McVay is big on relationship building, something he learned from his grandfather John McVay, a former NFL head coach (New York Giants, 1976-78) and executive (San Francisco 49ers, 1980-96), and from his studies of Hall of Fame basketball coach John Wooden. 

“You never want to lose sight of the real purpose for why you do it: for these players, for these coaches that you know and care about,” McVay said.

As he has worked to establish a culture in Cincinnati, Taylor has used a similar approach. 

“That's a lot of our messaging to our building and our staff and our players,” he said. “We want guys who are willing to come in here and work, but they enjoy the process of walking into this building with a smile on their face every day."

Expounding on lessons learned from McVay, Taylor said, “He’s really shown a lot of young guys that you can do it in your own way. It doesn’t have to be the way it’s always been done for the last 20 years around the league. There can be a different way of doing things, and so I think that we all saw that from Sean. He was very open about how he did things, why he made certain decisions. And so that has allowed myself and a lot of other guys to go off and feel very comfortable leading a team because of the impact he made on all of us.”

McVay downplays the praise, however, as well as his role as a potential kingmaker, setting up talented assistants up for future head-coaching jobs.

Yes, Taylor is relying on many of the lessons learned from his time in Los Angeles, and many of the same offensive concepts utilized by the Rams are recognizable in the Bengals’ schemes. And it’s true that with Taylor, former offensive coordinator Matt LaFleur (Green Bay Packers), former defensive coordinator Brandon Staley (Los Angeles Chargers) and current offensive coordinator Kevin O’Connell (Minnesota Vikings, who cannot officially hire him until after the Super Bowl) having accepted head-coaching positions in the last four years, McVay has a growing coaching tree.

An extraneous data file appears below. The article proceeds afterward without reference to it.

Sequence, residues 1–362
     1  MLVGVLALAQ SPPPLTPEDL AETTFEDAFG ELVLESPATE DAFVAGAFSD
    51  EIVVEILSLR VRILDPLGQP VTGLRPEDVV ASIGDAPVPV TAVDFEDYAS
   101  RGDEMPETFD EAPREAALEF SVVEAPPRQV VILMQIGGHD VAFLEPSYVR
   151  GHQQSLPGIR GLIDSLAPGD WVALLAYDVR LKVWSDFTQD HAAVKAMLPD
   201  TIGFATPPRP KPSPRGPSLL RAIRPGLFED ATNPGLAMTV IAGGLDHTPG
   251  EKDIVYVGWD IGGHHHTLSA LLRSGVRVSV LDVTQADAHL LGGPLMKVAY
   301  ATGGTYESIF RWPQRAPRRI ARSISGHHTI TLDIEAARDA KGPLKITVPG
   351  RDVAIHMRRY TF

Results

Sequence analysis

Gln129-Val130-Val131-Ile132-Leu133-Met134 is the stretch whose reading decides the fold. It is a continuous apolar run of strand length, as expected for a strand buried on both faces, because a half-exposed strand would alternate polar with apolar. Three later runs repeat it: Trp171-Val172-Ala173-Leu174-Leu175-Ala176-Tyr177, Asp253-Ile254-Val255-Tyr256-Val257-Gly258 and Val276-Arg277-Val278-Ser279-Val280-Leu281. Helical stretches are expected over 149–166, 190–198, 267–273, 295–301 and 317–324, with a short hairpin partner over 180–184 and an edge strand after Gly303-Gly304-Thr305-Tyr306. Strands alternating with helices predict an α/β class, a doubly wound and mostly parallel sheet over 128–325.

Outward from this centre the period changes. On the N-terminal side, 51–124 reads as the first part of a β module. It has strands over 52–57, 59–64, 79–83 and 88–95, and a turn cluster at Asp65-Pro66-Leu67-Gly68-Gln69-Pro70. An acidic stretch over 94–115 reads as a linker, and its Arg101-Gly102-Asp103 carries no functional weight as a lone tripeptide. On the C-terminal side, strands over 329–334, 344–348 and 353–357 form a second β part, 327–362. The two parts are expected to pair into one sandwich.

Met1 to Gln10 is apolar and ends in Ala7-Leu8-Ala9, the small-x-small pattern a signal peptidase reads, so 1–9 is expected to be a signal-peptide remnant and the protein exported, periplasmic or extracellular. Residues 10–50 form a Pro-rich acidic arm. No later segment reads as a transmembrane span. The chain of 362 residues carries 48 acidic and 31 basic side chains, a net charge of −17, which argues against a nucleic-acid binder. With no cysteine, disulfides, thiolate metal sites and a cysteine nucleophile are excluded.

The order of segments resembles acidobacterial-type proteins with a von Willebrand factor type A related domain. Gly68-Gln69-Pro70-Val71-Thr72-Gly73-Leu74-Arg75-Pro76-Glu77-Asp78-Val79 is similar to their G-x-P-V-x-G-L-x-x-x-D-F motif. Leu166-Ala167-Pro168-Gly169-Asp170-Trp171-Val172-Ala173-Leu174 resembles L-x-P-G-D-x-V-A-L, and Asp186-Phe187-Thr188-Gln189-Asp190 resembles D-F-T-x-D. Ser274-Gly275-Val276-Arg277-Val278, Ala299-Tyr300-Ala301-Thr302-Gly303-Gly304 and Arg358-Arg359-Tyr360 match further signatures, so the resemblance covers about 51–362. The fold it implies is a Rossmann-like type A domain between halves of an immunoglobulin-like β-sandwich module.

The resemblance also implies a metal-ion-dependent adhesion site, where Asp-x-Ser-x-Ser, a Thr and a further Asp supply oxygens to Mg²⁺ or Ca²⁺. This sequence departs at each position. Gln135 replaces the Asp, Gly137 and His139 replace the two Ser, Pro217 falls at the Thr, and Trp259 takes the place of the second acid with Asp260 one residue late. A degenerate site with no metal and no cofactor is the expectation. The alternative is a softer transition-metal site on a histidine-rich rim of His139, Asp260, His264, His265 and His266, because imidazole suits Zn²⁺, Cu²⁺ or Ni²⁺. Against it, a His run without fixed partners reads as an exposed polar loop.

But he prefers to view the success of the Rams and his assistants differently. 

“I almost think it’s a little ridiculous when you talk about the ‘tree’ because these guys are co-workers where we positively pour into one another," McVay said during a news conference last week.

McVay explained that the work ethic and poise he observed in Taylor from afar during that interim offensive coordinator stint in Miami was what drew him to his eventual assistant. McVay recognized leadership qualities and offensive concepts that led him to believe Taylor could help improve not only the Rams, but himself as well. 

"I just happen to be in the role that I’m in,” McVay said. “But whether it’s Kevin, Brandon Staley, Zac Taylor, Matt LaFleur, I learned more from them than those guys have from me. And I think they’ve been instrumental parts of what has been right. The players are what makes this place so special, and then when you have success because you’re around great players and great coaches, that leads to opportunities that I’ve been so fortunate to be a part of here, and it does create some opportunities for those guys to grow their careers.”

Regardless of the outcome of Sunday’s game, either McVay or Taylor will make history. The former would top the Pittsburgh Steelers' Mike Tomlin as the youngest coach to win the Super Bowl, while latter would be the second-youngest to do so.

And given the fact that three of the last four Super Bowls have featured teams led by coaches who were 40 or younger (McVay in Super Bowl 53, Kyle Shanahan in Super Bowl 54 and now this season), there’s a good chance that the NFL’s youth movement is more than just a passing phase. 

Follow USA TODAY Sports' Mike Jones on Twitter @ByMikeJones.